You have to wonder how often large corporates review the work done in their name through lobbying organizations, because it is definitely time that big names such as Dell, HP, HSBC, Morgan Stanley, Nike and Wells Fargo consider whether their support of the Coalition Against Domain Name Abuse – CADNA – is starting to undermine their credibility.
CADNA has been pushing wildly inaccurate information, mostly against ICANN, for a few years. But in a recent frivolous piece of nonsense, it has pushed out a press release claiming that new Internet extensions (gTLDs) will cost “brand owners” $746 million. The figure is pulled out from nowhere, doesn’t stand up to even the most basic scrutiny, and is in fact is no more than a press release. It also stands in stark contrast to the serious work that has actually been done on the possible impact of new Internet extensions on trademark owners.
How is it possible that CADNA – which famously held a Washington event on the future of ICANN and then refused to allow anyone from ICANN to attend – is allowed to get away with this kind of nonsense? The answer is that the companies that give the organization is vanishing credibility aren’t aware of what is being peddled in their name.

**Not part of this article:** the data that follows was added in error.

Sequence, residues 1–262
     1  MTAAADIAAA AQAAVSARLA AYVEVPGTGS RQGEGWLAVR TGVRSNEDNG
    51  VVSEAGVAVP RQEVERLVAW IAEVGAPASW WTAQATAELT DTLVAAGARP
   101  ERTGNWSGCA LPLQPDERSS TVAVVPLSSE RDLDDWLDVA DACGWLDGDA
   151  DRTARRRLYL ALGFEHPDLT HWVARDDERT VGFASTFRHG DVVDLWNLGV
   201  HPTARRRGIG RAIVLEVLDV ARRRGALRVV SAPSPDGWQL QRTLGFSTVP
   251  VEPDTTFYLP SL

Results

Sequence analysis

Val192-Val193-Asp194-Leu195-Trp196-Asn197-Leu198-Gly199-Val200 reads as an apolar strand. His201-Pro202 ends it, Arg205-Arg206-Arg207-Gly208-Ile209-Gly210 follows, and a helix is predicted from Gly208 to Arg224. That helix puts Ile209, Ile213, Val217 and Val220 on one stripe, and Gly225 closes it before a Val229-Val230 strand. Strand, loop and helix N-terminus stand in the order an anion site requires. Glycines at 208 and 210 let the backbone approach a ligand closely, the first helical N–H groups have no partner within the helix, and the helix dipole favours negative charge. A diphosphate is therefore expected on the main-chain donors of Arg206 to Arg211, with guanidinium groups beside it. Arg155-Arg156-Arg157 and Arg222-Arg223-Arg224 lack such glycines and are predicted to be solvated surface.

So who is CADNA? Well, based in Washington, CADNA is just two people – Josh Bourne and Phil Lodico. Josh and Phil were both previously from Register.com and CADNA is an offshoot and the main client of their lobbying company, FairWinds Partners.
Initially pitching themselves to US corporates as strategic minds for domain names, they soon realised that there were many more better equipped consultancies out there in a small market, and so switched to a lobbying group for Intellectual Property interests in domain names in Washington, offering big firms like Hewlett Packard and Morgan Stanley updates on a complex and fast-moving world. They successfully latched onto the issue of drop catching as a way to highlight bad practices within the small DNS industry.
However, drop catching and domain tasting were pretty effectively dealt with by ICANN. So in order to keep this niche lobbying organization alive in tough times, CADNA has resorted to fear-mongering and drum-banging about the introduction of new generic top-level domains and ICANN in general: this latest press release being just the latest example.
Typically any concerns raised in Washington regarding the DNS are swiftly repackaged by CADNA into a press release. It’s pretty shallow and pointless and CADNA has little or no credibility within the DNS community, but in the Washington echo chamber, it sounds as though CADNA is on the ball and helping to keep an eye on things.
What Dell, Nike, Wells Fargo and the other members don’t realise unfortunately is that all they need to do is talk to those already heavily involved in the intellectual property discussions within ICANN (such as the IP constituency) to find out exactly what is going on.
Of course the reason big companies provide their names and small amounts of money to lobbying firms is because they get updates, representation and don’t have to spend time and resources dealing with the issue themselves. However, there can come a point where a lobbying organization goes so far, and undermines its credibility to such a degree that membership starts to become a liability. CADNA is definitely there at the moment.